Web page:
Loneliness and the elderly
As we live longer, the prevalence of loneliness and isolation among the elderly increases. Is it inevitable?
Sometimes it isn't that a person is alone, it's the quality of social contact they lack.
We're a civilised society and yet many elderly neighbours live with virtually no communication with others for weeks on end. We assume they must have contact with somebody, just not us.
Your home can become like a prison if you lack contact with the outside world. The 'Campaign to end loneliness' produced a video showing how isolating lack of contact is at any age. Watch it here.
At a Jo Cox Loneliness Commission event I heard of an elderly person who spends 30 minutes each day at a stop every day buying one item, providing their only human contact. The Silver Line charity tells of one elderly gentleman leaving his front door open in the hope that anyone would walk in. Worse, a lonely old man considering shop-lifting knowing if caught he'd get some human connection and conversation.
Is the loneliness of the elderly too big a problem to solve?
By 2020, it's estimated that 25% of the UK population will be over 65 years of age. Over half of all over-75 year olds live alone and 10% of over 65 year olds say they're always or often lonely - that's over a million people. The Silver line charity took almost 300,000 calls from lonely elderly callers in their first year with many in the early hours of the morning. Let's just accept this is a problem we should all try to solve.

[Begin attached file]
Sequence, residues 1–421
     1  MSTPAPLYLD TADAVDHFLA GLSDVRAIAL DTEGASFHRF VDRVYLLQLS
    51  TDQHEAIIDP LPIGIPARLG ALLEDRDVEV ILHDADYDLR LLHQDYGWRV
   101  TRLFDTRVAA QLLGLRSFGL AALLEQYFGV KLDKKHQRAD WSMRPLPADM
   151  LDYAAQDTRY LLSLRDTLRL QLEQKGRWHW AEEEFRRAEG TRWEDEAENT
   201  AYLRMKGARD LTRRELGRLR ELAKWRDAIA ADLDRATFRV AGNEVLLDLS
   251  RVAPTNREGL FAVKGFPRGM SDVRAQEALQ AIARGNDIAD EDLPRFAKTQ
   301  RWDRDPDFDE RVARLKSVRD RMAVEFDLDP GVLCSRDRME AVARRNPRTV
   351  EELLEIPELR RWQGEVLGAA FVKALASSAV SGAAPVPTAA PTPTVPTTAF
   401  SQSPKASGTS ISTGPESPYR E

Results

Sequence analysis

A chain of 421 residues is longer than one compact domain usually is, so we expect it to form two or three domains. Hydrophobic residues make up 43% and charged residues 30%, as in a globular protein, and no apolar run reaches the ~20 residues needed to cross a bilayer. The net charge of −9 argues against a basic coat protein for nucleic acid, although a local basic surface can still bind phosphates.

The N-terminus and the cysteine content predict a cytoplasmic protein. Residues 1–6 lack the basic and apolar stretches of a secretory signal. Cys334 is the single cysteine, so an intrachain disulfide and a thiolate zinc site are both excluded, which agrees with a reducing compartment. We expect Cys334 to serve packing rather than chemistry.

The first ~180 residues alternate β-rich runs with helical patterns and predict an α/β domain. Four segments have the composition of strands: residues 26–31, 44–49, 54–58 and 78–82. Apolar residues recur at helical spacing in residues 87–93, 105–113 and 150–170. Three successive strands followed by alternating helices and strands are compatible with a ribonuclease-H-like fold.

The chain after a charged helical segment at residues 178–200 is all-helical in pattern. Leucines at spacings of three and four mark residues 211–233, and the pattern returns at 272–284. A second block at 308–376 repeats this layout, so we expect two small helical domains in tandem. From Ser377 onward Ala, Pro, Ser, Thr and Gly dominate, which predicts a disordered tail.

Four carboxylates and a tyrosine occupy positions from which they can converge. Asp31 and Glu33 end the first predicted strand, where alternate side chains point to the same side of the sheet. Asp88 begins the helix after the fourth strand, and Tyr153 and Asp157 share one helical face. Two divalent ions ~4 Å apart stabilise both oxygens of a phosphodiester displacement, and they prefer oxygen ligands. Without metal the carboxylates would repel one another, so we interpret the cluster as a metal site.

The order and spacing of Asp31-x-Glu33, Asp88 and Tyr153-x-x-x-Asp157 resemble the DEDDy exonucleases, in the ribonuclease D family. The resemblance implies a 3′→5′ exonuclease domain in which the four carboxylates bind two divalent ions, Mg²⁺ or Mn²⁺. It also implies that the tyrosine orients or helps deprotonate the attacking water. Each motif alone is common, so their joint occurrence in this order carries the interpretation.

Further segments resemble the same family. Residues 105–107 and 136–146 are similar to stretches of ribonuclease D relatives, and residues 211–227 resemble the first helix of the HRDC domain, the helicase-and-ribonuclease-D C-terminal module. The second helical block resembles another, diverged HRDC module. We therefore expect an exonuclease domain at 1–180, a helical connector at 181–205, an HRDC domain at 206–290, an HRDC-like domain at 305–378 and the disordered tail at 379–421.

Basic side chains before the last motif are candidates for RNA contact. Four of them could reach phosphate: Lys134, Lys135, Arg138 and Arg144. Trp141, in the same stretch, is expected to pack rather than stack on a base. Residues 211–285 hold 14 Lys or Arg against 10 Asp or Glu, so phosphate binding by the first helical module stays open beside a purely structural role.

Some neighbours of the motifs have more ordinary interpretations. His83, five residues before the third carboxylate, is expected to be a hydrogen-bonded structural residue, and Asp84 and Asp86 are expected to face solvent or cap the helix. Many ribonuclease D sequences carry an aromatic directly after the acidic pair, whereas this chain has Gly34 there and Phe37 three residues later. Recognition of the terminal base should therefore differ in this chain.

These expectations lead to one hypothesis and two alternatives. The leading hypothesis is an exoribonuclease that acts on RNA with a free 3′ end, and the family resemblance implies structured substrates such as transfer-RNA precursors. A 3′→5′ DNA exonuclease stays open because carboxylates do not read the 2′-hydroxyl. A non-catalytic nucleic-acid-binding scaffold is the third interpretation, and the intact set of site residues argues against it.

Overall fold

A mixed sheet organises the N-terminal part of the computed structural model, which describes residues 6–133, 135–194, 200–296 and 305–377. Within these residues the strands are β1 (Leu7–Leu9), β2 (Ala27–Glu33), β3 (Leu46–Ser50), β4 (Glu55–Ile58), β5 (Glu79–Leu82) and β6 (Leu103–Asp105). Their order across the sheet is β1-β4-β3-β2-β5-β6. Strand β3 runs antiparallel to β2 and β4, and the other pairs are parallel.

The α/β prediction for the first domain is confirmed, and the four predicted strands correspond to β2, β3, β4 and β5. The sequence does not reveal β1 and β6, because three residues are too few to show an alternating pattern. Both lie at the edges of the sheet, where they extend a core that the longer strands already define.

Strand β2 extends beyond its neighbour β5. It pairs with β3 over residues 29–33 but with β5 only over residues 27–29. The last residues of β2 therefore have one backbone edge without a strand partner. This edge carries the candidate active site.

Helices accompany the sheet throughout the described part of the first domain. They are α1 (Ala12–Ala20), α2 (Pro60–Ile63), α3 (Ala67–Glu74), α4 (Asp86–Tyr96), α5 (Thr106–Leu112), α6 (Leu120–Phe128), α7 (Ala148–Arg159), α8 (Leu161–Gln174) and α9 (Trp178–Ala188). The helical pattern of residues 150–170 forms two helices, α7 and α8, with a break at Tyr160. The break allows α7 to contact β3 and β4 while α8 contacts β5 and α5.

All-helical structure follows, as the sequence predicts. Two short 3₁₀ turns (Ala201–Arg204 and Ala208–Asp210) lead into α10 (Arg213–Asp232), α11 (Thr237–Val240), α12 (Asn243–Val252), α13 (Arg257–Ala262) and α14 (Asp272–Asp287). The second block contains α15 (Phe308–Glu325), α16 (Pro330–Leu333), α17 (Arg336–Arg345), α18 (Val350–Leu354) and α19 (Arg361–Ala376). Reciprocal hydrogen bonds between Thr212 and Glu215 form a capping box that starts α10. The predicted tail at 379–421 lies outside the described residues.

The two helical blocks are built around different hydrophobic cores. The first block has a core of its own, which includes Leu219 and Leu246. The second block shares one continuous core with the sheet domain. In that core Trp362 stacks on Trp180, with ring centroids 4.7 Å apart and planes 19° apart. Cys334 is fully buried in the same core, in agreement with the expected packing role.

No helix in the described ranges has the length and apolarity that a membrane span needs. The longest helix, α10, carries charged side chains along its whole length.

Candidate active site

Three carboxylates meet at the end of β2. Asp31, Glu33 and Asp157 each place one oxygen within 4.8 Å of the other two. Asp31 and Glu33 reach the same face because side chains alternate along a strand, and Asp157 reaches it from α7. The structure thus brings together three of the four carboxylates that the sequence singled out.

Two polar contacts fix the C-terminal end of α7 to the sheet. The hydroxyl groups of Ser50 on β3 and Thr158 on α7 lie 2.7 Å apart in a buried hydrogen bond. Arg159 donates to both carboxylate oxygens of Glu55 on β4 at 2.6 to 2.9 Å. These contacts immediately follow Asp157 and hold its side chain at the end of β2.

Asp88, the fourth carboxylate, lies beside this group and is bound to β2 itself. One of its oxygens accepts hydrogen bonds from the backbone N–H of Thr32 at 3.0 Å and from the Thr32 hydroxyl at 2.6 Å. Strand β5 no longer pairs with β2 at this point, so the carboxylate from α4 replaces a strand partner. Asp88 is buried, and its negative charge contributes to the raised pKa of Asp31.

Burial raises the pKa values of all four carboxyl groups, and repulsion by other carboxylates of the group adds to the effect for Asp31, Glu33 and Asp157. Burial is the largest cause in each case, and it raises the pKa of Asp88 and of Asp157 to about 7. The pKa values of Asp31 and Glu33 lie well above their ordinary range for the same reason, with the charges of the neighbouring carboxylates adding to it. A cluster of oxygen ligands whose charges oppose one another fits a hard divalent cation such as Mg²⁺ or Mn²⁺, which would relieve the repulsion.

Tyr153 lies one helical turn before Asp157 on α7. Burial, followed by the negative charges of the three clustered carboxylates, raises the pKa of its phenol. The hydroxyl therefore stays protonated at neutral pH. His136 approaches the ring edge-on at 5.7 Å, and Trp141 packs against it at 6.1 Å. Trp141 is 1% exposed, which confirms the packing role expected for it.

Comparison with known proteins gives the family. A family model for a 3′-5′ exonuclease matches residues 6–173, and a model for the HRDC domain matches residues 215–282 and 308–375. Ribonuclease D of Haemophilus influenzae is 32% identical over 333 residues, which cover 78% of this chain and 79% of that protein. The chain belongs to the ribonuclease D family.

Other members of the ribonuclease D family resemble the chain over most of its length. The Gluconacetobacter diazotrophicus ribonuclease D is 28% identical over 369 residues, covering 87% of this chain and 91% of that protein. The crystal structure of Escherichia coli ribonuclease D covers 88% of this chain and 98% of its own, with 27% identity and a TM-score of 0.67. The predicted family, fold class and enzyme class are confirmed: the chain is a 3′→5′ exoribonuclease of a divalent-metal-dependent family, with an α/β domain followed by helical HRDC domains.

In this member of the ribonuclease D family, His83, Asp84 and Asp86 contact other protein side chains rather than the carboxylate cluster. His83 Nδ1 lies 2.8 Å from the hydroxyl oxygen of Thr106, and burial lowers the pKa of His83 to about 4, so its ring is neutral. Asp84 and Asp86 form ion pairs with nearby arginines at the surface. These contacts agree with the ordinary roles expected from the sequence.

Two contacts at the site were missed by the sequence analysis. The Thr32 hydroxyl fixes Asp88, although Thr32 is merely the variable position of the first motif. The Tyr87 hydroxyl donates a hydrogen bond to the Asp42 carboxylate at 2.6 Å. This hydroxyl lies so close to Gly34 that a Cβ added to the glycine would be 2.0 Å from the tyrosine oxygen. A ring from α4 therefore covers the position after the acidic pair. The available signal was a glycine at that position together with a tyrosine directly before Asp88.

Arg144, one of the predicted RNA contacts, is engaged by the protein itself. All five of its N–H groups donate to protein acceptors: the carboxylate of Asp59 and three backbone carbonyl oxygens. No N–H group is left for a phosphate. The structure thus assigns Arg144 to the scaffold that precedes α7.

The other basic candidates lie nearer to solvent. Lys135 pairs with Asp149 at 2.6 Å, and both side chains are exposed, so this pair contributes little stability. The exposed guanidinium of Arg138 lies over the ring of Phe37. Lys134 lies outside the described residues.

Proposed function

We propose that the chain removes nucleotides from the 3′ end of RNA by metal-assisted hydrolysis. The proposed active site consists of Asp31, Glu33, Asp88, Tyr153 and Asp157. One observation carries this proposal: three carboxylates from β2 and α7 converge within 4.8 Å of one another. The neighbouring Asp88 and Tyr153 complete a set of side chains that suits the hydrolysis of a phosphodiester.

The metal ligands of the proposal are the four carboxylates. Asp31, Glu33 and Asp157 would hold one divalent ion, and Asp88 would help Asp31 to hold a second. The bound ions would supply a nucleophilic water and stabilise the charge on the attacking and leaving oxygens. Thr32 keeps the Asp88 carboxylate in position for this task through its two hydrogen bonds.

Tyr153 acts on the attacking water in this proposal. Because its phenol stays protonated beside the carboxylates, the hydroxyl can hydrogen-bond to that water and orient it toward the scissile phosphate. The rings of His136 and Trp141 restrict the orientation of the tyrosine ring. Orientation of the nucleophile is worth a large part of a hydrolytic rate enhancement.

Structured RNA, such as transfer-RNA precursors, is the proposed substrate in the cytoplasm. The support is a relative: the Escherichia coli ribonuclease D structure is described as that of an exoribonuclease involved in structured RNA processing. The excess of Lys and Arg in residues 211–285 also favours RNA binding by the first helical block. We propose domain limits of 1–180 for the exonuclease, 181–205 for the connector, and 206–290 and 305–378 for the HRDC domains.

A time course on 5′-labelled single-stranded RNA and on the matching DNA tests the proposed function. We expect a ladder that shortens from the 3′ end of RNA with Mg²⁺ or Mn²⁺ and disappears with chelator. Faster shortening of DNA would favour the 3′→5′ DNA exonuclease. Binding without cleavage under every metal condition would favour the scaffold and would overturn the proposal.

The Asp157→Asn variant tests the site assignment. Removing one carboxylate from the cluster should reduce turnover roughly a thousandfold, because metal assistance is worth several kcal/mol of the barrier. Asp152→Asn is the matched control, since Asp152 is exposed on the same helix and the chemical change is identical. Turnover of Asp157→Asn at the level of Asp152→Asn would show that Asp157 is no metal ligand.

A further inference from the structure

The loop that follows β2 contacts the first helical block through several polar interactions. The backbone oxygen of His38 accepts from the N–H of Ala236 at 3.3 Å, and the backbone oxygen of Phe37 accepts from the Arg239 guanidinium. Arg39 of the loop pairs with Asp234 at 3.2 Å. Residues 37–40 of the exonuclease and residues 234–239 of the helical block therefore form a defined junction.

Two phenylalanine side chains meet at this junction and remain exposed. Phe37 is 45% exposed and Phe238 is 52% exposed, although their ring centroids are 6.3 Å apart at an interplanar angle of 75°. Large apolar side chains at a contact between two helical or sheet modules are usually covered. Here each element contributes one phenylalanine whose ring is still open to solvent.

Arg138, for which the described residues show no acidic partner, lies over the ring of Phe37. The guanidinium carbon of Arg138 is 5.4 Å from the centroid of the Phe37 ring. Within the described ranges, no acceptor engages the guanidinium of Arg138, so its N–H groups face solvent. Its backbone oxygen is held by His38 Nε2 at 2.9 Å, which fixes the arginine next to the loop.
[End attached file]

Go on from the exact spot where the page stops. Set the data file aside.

There's a raft of charitable organisations and individuals making a difference - befriending programmes, weekly telephone calls, lunch clubs, 'men-in-sheds' etc. Some charities engage the elderly as volunteers to befriend or support other elderly people, e.g. RVS and Age UK. It gives them a purpose and reduces the risk of their own isolation. But the problem of loneliness, isolation and lack of physical activity exists and is growing.
I'm reminded of this story:
'The Starfish Story', about a boy picking up and gently throwing starfish back in the ocean, where there were hundreds if not thousands of them stranded on the beach. A passer-by remarked to the boy, "Do you realise there are miles of miles of beach and hundreds of starfish? You can't make any difference." To which the boy, picked up another starfish, threw it in the surf, then smiling at the man, said; "I made a difference to that one."
At Simplyhealth we're using our Corporate Giving to help tackle the issue of loneliness amongst the elderly; by supporting The Silver Line charity and Royal Voluntary Service's Home from Hospital programme. We're working with a range of providers developing projects to tackle the isolation of the elderly and the lack of physical activity in our local communities. This in turn will help with their mental wellbeing, another issue making news headlines.
We may be like the little boy in 'The Starfish Story', but we're happy making a difference to as many of the elderly as our funding enables.
Will you or your company be part of that starfish story for the elderly?